Local-global linkages – research brokers and intermediaries in different sectors and contexts

Local-global linkages session - Adriana Foreno and Michael Jetton (GDNet)

Local-global linkages session - Adriana Foreno and Michael Jetton (GDNet)

This lively and well attended session on local-global linkages brought together various national and regional information intermediaries to explore some of their commonalities and differences. So enthralling was the debate that it went on well into the evening until it was finally cut short as stomachs started to rumble and thoughts turned to the Brai….

Tiwongwe Machiwenyika gave an insight into the work of the SARDC Virtual Library which collects, produces, analyses and disseminates research on a wide variety of themes in the SADC region. Abdallah Hassan then talked about Tanzania Online, an interactive gateway which provides access to research findings on development issues in Tanzania. Richard Humphries traced the history of SARPN and ANSA-Africa, two information-sharing initiatives which emerged as a result of growing donor interest in regional issues and which aim to profile African experiences of development. Finally, Michael Jetton, Jermeen El-Baroudy, Ingy Magdi Hassan and Adriana Forero gave their own regional perspectives on the work of GDNet, which provides a portal and network for developing and transitional country researchers.

Some of the issues and challenges which came out of the discussions which have wider implications for the role of information intermediaries included:

  • The reluctance in many circles to share information and the need to offer incentives to researchers to do so, (although this was not everybody’s experience)
  • The challenge of enabling access to information for hard to reach audiences especially in many rural parts of Africa where the internet is not widely available
  • The challenge of demonstrating the impact of intermediary ‘interventions. In many cases the evidence is anecdotal which is unlikely to satisfy funders.
  • The role of donors in initiating and funding some of the various services and the implications this might have for their sustainability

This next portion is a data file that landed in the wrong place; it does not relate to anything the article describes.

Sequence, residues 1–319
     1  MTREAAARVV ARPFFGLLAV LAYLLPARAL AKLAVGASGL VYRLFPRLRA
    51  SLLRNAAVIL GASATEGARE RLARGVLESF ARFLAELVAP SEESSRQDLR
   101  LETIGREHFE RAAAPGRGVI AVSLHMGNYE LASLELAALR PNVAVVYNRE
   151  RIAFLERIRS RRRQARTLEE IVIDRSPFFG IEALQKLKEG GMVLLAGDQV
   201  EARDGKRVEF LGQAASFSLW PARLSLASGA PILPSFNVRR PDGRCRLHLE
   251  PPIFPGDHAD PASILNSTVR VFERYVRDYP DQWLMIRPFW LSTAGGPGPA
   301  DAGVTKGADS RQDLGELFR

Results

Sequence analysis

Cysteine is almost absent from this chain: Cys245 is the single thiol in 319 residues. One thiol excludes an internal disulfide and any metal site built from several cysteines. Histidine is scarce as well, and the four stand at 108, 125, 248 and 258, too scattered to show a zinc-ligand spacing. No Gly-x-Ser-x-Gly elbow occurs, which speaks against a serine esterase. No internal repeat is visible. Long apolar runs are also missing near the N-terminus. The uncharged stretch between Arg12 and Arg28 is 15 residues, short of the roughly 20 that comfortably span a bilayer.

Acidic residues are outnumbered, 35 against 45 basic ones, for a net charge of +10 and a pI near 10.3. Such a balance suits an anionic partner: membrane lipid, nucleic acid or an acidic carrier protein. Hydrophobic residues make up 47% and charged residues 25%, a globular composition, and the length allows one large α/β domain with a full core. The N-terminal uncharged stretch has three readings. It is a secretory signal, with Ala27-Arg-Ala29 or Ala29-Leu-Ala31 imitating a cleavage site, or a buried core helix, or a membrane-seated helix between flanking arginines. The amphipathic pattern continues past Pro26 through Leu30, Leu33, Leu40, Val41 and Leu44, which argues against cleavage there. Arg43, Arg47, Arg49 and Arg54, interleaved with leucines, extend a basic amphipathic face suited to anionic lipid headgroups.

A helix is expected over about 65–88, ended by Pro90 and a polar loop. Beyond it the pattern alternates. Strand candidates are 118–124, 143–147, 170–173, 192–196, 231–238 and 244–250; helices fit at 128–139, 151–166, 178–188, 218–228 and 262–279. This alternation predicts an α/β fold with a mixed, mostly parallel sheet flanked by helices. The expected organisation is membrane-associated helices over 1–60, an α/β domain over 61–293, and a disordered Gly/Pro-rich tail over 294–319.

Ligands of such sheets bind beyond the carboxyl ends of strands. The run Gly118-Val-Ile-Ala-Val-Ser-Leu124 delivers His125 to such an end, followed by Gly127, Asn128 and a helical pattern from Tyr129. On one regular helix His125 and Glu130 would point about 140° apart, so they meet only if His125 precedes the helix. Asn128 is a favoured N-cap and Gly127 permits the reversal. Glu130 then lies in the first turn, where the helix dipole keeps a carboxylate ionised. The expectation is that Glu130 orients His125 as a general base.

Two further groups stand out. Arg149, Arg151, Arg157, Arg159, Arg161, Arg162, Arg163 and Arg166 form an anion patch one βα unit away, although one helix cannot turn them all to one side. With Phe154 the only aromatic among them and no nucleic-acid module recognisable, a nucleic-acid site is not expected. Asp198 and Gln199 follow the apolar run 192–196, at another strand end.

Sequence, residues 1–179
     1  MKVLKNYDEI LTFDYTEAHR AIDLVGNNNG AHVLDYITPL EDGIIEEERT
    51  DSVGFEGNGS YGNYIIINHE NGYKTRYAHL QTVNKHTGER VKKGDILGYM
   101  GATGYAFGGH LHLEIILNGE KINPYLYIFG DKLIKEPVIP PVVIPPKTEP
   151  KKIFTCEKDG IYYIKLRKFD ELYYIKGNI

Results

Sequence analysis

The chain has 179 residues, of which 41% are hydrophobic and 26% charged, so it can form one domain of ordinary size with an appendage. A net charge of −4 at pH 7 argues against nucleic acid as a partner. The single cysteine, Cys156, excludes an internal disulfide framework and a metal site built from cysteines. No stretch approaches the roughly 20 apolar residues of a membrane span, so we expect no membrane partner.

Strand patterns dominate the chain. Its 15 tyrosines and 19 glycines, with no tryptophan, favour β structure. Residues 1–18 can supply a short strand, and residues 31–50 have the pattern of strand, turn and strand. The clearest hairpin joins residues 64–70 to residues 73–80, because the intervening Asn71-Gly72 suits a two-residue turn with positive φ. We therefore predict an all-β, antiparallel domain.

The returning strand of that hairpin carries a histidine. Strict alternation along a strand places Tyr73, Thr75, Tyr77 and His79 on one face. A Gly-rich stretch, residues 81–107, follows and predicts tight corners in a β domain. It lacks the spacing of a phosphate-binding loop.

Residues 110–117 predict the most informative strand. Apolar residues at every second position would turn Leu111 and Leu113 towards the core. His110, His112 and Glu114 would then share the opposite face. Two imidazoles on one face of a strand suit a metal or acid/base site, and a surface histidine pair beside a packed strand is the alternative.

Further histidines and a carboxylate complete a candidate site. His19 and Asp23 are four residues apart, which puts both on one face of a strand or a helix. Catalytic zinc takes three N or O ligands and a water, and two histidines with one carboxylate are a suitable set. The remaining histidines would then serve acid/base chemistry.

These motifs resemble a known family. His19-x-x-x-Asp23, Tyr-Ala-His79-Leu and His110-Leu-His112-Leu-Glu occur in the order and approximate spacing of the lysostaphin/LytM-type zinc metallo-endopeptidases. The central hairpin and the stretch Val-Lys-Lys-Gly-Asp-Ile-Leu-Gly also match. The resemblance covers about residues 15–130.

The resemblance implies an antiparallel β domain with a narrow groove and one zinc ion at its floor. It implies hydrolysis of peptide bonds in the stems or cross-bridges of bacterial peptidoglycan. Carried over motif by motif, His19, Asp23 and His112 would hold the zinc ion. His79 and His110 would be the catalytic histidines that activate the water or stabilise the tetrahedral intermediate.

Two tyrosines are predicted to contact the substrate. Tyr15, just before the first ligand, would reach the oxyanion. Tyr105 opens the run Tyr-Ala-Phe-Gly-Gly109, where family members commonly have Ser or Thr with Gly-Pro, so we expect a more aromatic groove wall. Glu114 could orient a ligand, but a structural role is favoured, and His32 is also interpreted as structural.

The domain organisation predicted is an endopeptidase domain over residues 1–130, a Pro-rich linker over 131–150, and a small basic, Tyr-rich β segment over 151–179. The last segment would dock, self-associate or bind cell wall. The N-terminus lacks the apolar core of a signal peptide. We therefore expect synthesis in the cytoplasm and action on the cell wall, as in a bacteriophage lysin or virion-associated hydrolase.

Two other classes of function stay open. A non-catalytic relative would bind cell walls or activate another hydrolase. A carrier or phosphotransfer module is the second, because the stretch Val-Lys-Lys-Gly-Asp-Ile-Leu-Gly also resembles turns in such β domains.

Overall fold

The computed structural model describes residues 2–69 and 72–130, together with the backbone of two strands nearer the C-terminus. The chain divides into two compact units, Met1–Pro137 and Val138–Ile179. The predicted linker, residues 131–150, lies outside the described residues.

• The question of whose knowledge counts and the implicitly political role intermediaries play in brokering that knowledge
  • The challenge of sourcing unpublished material and providing a space for marginalised voices to be heard. Often this requires being proactive and building a reputation for being trustworthy
  • The difficulties of dealing with multiple languages
  • The question of whether intermediaries ought to be facilitating a two-way flow of information (from global to local as well as global to local)
  • The issue of quality control of intermediaries in terms of how they repackage information and the standards they adhere to. In this respect, the question of whether we should be looking to establish broad standards for the ‘intermediary sector’ was floated
  • The question of duplication in an increasingly crowded marketplace. It was suggested that certain forms of duplication may be inevitable and indeed positive (e.g when targeting different audiences) and there was therefore a need to differentiate between productive and unproductive duplication.

One thing I feel has emerged from this session and from the day as a whole is that there is no one definition of an information intermediary. As well as the differences in scale (local to global) discussed here, our roles vary greatly in terms of what we aim to achieve, the domains we aim connect and the forms of knowledge we are dealing with. Nevertheless I still feel we have a common sense of purpose (or maybe a common frustration with trying to explain what we do!) As such, and in the words of Richard Humphries: “just as networks attract networks, so intermediaries attract intermediaries”. And long may it continue!

Andrew McDevitt, IDS

Presentations on:

  • SARDC Virtual Library, Tiwongwe Machiwenyika, SARDC, Zimbabwe,
  • Tanzania Online, Abdallah Hassan, Economic and Social Research Foundation, (ESRF) Tanzania,
  • Experiences from Southern African Regional Poverty Network and Affiliated Network for Social Accountability Africa (ANSA), Richard Humphries, South Africa,
  • GDNet: Connecting policy related research regionally and globally GDNet Regional co-ordinators from various regions

Chair: Richard Humphries, HSRC


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